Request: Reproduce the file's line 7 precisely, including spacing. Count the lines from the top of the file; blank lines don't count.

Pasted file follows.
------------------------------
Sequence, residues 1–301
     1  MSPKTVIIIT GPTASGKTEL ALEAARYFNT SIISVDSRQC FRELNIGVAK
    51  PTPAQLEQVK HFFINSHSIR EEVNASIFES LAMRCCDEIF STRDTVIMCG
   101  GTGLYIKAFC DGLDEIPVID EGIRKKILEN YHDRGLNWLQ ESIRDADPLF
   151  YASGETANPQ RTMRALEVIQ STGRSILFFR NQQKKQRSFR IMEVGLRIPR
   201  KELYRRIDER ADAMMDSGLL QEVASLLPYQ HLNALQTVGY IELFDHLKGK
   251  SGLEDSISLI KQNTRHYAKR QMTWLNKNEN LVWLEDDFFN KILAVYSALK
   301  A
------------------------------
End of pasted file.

   251  SGLEDSISLI KQNTRHYAKR QMTWLNKNEN LVWLEDDFFN KILAVYSALK